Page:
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Challah: Braided Loaves of Tradition

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You don’t have to be Jewish to make a Challah. And, there is no rule that the loaves must be braided although the interlaced dough with its egg-wash sheen is surely impressive! You can bake it in small pans to be taken out and eaten with a little butter and jam. You can roll it into little buns to use for sandwiches or you shape it into a loaf to serve at dinner, any day of the week. This bread is extremely versatile, but most importantly it is extremely delicious! Something about Challah is synonymous with Autumn. Perhaps this because warm baked bread is awesome on a nippy fall day, but more likely because our Jewish friends begin celebrating their High Holidays during the season. Challah is basically a brioche. Brioche is sweet bread and is likely what Marie-Antoinette was referring to when she said, “If they have no bread, let them eat cake.”

1 cup warm water 
1 packet (1 tablespoon) yeast
1/3 cup neutral oil ((butter or lard would make the bread non-kosher)
2 eggs 
1 large egg yolk (reserve the white for the egg wash)
1 teaspoon vanilla 
1/3 cup sugar (white or brown) 
4 cups of all-purpose flour 
1 teaspoon Kosher salt
Egg wash: reserved egg white beaten with a splash of water

Dissolve the yeast in warm water with a generous pinch of the sugar and stir to combine. Let stand until you see a thin foamy layer across the top, 5 to 10 minutes. If you do not see tiny bubbles forming on top of the water, your yeast has likely expired or your water was too warm, so you’ll have to start over. Pour oil into yeast liquid when you are sure it is active. In a separate bowl, cream together eggs, egg yolk, sugar, and vanilla. 
In the bowl of your stand mixer, add dry ingredients (flour and salt) and whisk to combine. Add egg mixture and roughly mix before adding yeast mixture. Turn your mixer on low to begin blending without sending flour flying all over your kitchen. As the dough comes together, turn the mixer speed up to completely mix and knead.
Fit the mixer with the hook attachment and knead on low speed for 6 to 8 minutes. Alternatively, turn out the dough onto a floured work surface and knead by hand for about 10 minutes. If the dough seems very sticky, add flour a tablespoon at a time until it feels tacky, but no longer like bubblegum. The dough has finished kneading when it is soft, smooth, and holds a ball-shape.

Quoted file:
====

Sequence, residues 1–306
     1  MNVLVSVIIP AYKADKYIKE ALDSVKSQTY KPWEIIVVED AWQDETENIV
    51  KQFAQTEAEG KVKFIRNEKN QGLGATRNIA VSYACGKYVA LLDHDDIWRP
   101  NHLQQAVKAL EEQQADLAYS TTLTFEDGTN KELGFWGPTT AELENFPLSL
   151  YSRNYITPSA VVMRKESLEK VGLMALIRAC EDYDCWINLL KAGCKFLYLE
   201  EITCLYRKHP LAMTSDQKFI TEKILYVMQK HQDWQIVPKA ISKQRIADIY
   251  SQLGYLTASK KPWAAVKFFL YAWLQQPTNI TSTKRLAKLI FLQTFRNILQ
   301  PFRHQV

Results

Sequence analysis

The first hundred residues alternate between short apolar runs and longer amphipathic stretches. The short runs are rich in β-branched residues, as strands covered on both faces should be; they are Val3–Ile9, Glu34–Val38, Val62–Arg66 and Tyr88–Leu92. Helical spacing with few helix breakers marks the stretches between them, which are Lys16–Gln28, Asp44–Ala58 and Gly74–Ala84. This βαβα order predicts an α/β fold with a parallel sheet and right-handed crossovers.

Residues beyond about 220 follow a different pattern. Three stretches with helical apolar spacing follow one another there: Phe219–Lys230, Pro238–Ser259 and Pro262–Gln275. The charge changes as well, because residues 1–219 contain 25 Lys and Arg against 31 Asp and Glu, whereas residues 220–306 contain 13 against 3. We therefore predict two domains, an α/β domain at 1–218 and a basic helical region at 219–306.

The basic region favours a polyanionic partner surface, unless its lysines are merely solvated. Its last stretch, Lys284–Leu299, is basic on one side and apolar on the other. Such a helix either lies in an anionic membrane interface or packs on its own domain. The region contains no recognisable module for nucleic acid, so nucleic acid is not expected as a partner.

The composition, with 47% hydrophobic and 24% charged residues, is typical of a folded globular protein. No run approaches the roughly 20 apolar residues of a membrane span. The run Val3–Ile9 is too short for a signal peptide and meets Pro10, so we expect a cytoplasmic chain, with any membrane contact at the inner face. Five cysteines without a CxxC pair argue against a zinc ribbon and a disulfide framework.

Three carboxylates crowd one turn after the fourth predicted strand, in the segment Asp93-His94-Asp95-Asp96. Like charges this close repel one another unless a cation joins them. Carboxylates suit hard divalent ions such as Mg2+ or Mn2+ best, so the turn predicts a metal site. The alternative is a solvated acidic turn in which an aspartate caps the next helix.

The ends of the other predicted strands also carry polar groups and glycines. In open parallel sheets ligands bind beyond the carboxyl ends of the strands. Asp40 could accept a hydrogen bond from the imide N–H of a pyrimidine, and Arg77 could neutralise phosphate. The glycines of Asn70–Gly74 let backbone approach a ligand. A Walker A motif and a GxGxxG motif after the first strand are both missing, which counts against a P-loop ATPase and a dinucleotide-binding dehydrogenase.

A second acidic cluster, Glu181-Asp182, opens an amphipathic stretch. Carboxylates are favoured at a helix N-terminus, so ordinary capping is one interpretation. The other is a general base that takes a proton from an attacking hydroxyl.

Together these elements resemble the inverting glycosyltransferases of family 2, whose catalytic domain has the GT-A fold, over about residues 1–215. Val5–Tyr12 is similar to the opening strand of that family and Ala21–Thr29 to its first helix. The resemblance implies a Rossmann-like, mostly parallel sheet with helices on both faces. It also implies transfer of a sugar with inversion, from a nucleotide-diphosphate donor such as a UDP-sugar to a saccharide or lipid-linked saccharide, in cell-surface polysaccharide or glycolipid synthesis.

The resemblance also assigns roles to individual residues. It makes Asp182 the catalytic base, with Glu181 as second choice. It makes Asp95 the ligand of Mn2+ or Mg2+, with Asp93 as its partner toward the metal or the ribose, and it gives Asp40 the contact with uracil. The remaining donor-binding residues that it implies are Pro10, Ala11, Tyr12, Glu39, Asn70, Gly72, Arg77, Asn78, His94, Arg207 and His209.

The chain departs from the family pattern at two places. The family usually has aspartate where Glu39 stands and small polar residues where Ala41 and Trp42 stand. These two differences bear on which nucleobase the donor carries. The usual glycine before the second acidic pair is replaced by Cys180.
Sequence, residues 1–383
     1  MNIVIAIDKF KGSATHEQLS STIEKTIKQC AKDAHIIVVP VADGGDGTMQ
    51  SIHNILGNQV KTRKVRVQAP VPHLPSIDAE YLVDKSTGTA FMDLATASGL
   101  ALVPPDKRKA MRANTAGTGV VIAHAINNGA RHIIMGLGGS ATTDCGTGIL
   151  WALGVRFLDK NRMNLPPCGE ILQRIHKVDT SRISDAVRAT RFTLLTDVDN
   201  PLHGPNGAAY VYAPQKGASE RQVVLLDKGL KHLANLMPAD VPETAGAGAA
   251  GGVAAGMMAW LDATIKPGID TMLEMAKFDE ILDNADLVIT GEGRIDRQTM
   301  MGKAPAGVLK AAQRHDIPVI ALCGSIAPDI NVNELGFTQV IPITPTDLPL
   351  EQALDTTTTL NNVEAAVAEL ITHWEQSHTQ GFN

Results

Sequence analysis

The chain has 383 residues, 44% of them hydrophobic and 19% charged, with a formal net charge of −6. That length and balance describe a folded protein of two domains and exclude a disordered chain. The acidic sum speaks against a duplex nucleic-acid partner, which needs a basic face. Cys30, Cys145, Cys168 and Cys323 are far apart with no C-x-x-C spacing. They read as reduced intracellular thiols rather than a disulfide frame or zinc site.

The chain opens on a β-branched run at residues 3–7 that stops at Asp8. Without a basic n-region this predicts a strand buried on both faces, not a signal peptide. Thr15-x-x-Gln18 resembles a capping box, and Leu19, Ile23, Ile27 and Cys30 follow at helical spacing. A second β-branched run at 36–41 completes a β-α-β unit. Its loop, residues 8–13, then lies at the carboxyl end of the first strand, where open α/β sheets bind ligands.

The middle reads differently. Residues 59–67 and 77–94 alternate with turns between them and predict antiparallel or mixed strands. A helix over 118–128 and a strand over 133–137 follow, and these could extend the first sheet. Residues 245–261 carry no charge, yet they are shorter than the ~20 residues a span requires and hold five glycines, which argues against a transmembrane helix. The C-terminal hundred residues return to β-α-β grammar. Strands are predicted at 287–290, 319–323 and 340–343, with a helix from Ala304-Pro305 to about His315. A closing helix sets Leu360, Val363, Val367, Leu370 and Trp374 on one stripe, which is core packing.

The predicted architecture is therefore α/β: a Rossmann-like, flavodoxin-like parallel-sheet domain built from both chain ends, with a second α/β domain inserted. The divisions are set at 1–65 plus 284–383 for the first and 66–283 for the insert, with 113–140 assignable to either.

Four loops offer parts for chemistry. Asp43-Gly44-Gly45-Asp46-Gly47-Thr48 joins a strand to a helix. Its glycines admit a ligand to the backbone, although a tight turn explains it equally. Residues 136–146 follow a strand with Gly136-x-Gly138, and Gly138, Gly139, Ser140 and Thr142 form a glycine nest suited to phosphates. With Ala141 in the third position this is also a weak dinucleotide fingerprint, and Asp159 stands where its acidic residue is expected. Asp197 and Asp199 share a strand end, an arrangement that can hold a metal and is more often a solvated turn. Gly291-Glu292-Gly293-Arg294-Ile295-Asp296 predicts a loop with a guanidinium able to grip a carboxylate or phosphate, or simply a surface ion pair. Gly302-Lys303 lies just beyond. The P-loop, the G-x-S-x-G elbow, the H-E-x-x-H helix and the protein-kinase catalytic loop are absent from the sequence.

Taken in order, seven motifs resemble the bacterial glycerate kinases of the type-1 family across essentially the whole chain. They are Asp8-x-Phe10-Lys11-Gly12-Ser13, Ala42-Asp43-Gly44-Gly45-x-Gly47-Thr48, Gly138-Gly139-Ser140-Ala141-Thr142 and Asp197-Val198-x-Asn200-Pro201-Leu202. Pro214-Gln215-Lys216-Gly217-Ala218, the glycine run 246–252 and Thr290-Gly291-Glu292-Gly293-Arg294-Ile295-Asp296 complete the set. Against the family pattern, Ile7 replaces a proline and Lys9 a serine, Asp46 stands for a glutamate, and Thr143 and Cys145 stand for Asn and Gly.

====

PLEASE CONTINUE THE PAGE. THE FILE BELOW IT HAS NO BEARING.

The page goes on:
Let the dough rise until doubled. Place the dough in an oiled bowl, cover with plastic wrap, and place somewhere warm. Let the dough rise until doubled in bulk, about 45 minutes to 1 hour.
Divide the dough and roll into ropes. Divide the dough into 3 or 6 equal pieces, depending on the type of braid you’d like to do. Roll each piece of dough into a long rope about 16 inches long. If the ropes shrink as you try to roll them, let them rest for 5 minutes to relax the gluten and then try again.

Braid the dough. Gather the ropes and squeeze them together at the very top. Long loaves of 3-stranded challah are commonly served weekly for Sabbath meals. For a 3-stranded loaf, braid the ropes together like braiding hair or yarn and squeeze the other ends together when complete. Line a baking sheet with parchment paper and place the braided dough on top and sprinkle with a little flour. Cover with a clean kitchen towel and let it rise in a warm place away from drafts until puffed and pillowy, about 1 hour. At this point, your loaf is fairly long and skinny. 
Celebration rings are traditionally served during Rosh Hashanah, the Jewish New Year. These loaves are rolled into a circular shape symbolizing the cycle of the year. You can stretch a 3-stranded loaf longer and squeeze the ends together to form a circle. Or, if you are adventurous, you can attempt a 6-stranded loaf. The trick is to remember “over two, under one, over two.” Carrying the right-most rope over the two ropes beside it, slipping it under the middle rope, and then carrying it over the last two ropes. Lay the rope down parallel to the other ropes; it is now the furthest-left strand. Repeat this pattern until you reach the end of the loaf. Try to make your braid as tight as possible. Your braid will start listing to the left as you go; it’s ok to lift it up and recenter the loaf if you need to. Once you reach the end, squeeze the ends of the ropes together and tuck them under the loaf.
Brush the challah with egg wash about 15 minutes before baking. Be sure to get in the cracks and down the sides of the loaf. Arrange a rack in the middle of the oven and preheat oven to 350°F. Bake the challah 25 to 30 minutes rotating the baking sheet halfway through, until the challah is deeply browned and registers 190°F in the very middle with an instant-read thermometer.
Cool the challah. Let the challah cool on a cooling rack until just barely warm. Slice and eat. Wrap leftover challah tightly in plastic wrap and store at room temperature for up to 5 days. Use leftovers to make sandwiches, French toast, or our favorite – bread pudding!


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